So if you want to make me stronger and more capable, then give me the answer. You know, it's not a one size fits all. So I think the act of co-creation is really one where we sit down and think, OK, what do I need to inject here? You know what? What is it? I'm constantly thinking about what I need to do in order to make you stronger and more capable?
Now the problem with leaders is we tend to see organisations as hierarchies with one person at the top, and that person's voice tends to be quite loud and resonate. But actually, that person's influence is tiny. If you think of organisation as an ice cream cone, the action is at the top. The thousands and thousands of people we interact every day with thousands and thousands of customers or whatever it might be, now that voice of the CEO at the bottom, it's actually quite a small voice. So you know why it resonates?
Its impact is relatively small, so the thing for the CEO is to say, OK, how do I make the 10-14 people alongside me stronger and more capable so they can make the 10-15 people alongside them stronger and more capable and so on and so forth?
So co-creation really starts with a different way of working at the very top, which then automatically starts to filter through the organisation…"
The more you see, the more point of views you bring in, the more you deal with dilemmas in a different way, the more likely you are to succeed.
The key qualities of leaders today
"[...] I think the problem with empathy is that empathy is an intellectual exercise. It's about me understanding how you feel. Now, that can be either me dismissing it. It can be leading to me abusing that because I understand how you feel, therefore, I may be able to manipulate it. But it certainly doesn't construct anything positive.
So, I prefer to talk about compassion. And compassion for me is a kind of active empathy that says, look, I really get where you're coming from, and I'm happy to help you do something with that. [...] The act of compassion is one to say, OK, let's deal with what's on the table together, not me influencing you enough, me trying to have one over you, not me trying to ignore you, but me trying to think, OK, how do we move? What do we do? [...]
There is a fundamental issue for any business, which is more than 14 people, which is at some stage you're going to get into intimacy. Let's have those conversations to get somewhere. Efficiency, how do I make it happen at scale? And you know, we have a lot more technology now which can help us to have conversations at scale. We have different ways of working, so there's a big job to do. But, what's the alternative? [...]
Listen and talk, and I separate the two because I think both of them have a different role to play. One of the things we saw at the beginning of the pandemic, which is going to cause great difficulties for most leaders, is that leaders had a tendency to over communicate in a good way. CEOs would do little videos on their way back home. You know, this is what I've done today. And there was a lot of communication over communication all the time to try to reassure people to try to get them onside.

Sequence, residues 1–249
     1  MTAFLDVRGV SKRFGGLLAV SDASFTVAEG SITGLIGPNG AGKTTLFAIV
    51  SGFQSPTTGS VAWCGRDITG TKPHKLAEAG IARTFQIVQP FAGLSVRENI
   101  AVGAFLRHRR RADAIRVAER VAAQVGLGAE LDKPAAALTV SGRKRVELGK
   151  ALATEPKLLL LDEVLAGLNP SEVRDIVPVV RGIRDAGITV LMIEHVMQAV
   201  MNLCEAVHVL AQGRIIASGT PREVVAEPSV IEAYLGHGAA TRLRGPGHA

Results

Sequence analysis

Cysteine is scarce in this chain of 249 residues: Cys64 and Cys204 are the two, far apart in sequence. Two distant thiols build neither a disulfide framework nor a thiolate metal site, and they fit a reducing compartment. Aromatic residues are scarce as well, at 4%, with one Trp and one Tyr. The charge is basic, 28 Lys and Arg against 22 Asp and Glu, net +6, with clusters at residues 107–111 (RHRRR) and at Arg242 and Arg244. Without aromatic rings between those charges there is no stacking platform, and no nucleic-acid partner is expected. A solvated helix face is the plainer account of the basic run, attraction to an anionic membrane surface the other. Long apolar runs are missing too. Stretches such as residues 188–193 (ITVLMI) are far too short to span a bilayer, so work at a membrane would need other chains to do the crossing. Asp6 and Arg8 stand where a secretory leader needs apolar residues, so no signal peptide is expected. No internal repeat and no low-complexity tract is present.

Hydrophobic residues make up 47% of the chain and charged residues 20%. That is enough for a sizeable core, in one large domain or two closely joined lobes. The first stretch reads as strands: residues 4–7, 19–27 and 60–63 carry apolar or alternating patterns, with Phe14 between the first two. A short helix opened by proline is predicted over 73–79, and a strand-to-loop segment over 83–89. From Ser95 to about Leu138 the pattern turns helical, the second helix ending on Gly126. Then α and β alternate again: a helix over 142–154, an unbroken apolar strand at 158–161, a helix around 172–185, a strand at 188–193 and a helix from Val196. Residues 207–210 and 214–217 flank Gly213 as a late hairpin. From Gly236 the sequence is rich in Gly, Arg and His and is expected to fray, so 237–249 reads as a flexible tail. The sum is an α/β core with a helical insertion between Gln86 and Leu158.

I'm starting to see them pulling back and saying, OK, we've done that for two years now, we need to move to something else. And, I think that's going to create difficulties because people are saying, this is quite cool. This other communication stuff is quite useful and it's engaging. I'm seeing more and learning more about the organisation MO. So I think there's a communication role. There's something about speaking more broadcasting messages, being able to bring some narratives into the organisation.
The second quality is one of listening. It's one of saying actually what is going on? Most leaders don't listen, they reload [...] they stay quiet because they're just thinking about the next thing they're going to say. Not because they're listening to what you're saying. They're just thinking, OK, how do I know where I'm going? Here's the issue. If I listen to understand rather than listen to argue or listen to be right, then we get into a conversation, and that act of listening is really hard again. [...]
We want our leaders to be like us, but kind of better, you know? [...] We want somebody who is accurate. So we push people to give us answers they don't have. So a strong leader would be somebody who says 'OK, this is the truth. And if the truth is, I don't know', then you have to find a way of saying 'I don't know, and that's how we're going to find out'. [...]
If you can answer by the affirmative the question of 'Have I made them feel stronger and more capable?', and if the answer is yes, then I think people will follow you because they will trust you because they will see something in you. [...] And I think it's our duty as leaders to make them feel stronger. But it's also the reward that if we make people feel stronger, they will give us everything they've got."